Most people know about Gary Sinise’s unwavering patriotism and how he serves our disabled veterans. What most people don’t know is his real-life connection to Lieutenant Dan Taylor, the character he played in Forrest Gump, which started long before he ever made the film.
Forrest Gump was a blockbuster hit in 1994 and became one of the decade’s seminal films. One of the most memorable and beloved characters was Lieutenant Dan Taylor, who was played by Gary Sinise and was Forrest Gump’s hard-nosed senior officer. Lieutenant Dan is begrudgingly saved by Gump on the battlefield. Although his life was spared, he suffered the loss of both legs.
As one of the most iconic wounded veterans in movie history, Sinise’s portrayal of Lieutenant Dan in Forrest Gump plunged him headfirst into a life of helping veterans around the world. However, what most people never hear about is Sinise’s personal connection to warriors like Lieutenant Dan, which began long before he starred in the film.
Sinise’s family has a long history of serving in the American military, starting with his Grandpa Dan, who joined the U.S. Army during WWI. Sinise’s uncle Jack flew thirty missions as a navigator during WWII, and his uncle Jerry also served in the Navy during WWII. Sinise’s father Robert served in the Navy in the early 1950s during the Korean War. That foundation played a vital role in shaping Sinise’s patriotism as a young man.
However, it wasn’t until he met his wife, Moira Harris, that Sinise learned firsthand about the unique struggles of Vietnam veterans. According to the Gary Sinise Foundation, the Forrest Gump star started to look for stories about Vietnam, a topic that weighed heavily on him as Moira’s two brothers, Mac Harris and Arthur Harris, and her brother-in-law Jack Treese had all served during the Vietnam War. It became apparent to Gary that there was a need to show appreciation for these warriors who returned home and had been treated poorly.
“I realized early on that the character was kind of an ice breaker,” Sinise told The Arizona Republic. “There were a lot of veterans that were not in very good shape, and yet I would walk in and their faces would light up and they’d want to talk about the movie. Over the years, that character has been connected with our wounded and our service members,” Sinise added. “You know, I love the story of Lt. Dan because it’s a happy ending.”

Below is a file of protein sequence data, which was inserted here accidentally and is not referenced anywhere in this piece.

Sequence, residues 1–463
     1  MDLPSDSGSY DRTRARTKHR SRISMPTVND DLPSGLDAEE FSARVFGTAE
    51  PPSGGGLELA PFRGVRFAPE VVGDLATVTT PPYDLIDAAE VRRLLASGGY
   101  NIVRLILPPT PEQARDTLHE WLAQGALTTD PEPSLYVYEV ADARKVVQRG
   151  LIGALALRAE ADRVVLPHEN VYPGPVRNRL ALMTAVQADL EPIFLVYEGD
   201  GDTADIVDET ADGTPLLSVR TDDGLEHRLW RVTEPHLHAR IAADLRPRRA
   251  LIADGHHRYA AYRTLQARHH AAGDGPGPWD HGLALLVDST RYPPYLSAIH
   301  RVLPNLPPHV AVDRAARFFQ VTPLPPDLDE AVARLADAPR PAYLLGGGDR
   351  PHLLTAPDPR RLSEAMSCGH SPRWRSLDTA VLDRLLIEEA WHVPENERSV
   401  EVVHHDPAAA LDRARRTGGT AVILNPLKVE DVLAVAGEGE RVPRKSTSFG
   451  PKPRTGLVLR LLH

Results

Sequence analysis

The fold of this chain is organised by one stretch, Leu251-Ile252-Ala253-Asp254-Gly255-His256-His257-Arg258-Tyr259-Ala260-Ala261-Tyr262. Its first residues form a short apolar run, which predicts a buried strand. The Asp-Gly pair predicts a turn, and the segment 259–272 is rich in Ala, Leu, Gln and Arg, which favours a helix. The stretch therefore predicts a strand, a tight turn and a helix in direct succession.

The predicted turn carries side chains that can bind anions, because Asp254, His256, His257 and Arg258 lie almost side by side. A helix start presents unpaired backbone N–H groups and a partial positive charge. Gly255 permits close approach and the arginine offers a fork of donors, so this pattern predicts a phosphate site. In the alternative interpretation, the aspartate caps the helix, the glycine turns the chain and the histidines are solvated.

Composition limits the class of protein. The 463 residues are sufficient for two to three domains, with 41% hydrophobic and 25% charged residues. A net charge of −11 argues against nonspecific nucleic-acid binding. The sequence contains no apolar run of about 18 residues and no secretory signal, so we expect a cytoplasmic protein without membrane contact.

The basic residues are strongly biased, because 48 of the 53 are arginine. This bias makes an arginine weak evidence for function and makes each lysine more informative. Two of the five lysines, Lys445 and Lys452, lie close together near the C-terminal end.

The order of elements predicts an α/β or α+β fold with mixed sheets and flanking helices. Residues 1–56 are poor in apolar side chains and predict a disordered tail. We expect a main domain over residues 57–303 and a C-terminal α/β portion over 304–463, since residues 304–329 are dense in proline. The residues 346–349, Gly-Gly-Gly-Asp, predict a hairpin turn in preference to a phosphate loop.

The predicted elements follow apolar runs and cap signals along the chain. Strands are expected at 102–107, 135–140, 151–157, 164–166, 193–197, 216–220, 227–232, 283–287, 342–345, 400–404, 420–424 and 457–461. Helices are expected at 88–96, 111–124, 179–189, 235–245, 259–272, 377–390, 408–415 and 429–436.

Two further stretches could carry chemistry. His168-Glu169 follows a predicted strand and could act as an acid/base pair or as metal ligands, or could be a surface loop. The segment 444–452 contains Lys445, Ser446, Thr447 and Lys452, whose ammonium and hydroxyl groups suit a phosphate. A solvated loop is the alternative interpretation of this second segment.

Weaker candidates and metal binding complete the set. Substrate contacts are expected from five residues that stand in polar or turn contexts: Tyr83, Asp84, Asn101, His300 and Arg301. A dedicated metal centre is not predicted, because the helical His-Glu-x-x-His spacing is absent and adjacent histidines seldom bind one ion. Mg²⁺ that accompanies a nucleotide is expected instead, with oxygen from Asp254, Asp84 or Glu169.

That’s what ultimately gave Sinise the idea to start his foundation to aid wounded and disabled veterans. “When our veterans came home from the Vietnam War, they were not treated well and had to disappear into the shadows,” Sinise said. “When we started deploying to Iraq and Afghanistan, I wanted to do my part to make sure the men and women doing their part were appreciated.”
Besides talking at length with his wife’s brothers about their experiences in Vietnam, Sinise also prepared himself to play Lieutenant Dan by reading the book Fortunate Son by Lewis Puller Jr. Not only is it a Pulitzer Prize-winning autobiography based on Puller’s experiences in Vietnam, where he lost both of his legs and his left hand, but his father is also war hero Chesty Puller, who is the most decorated Marine in history.
Because of his strong support for the military, Gary was asked if he regretted never serving in the armed forces himself. “At the time I graduated high school, the Vietnam War was just ending,” he said. “It was not something I was going to do. When I met my wife’s brothers, and I learned more about the Vietnam experience and what it was like for them, I felt guilty that I had not paid much attention when I was in school.”
“I suppose out of that guilty feeling arose a commitment to do something to help our veterans,” Sinise declared. “Those early seeds grew into a full-time commitment. So I suppose I am trying to make up for not having served in uniform by giving back to those who did.” Sinise then reminded all Americans that we have a personal duty of care when it comes to our American heroes.
“Government can only do so much,” Sinise said. “I believe citizens have a role to play. After all, less than 1 percent of our population actually defends the rest of the country, and we all benefit from their sacrifices as we enjoy the freedom they take an oath to protect. They are our freedom providers, and I know that my freedom must be fought for and protected.”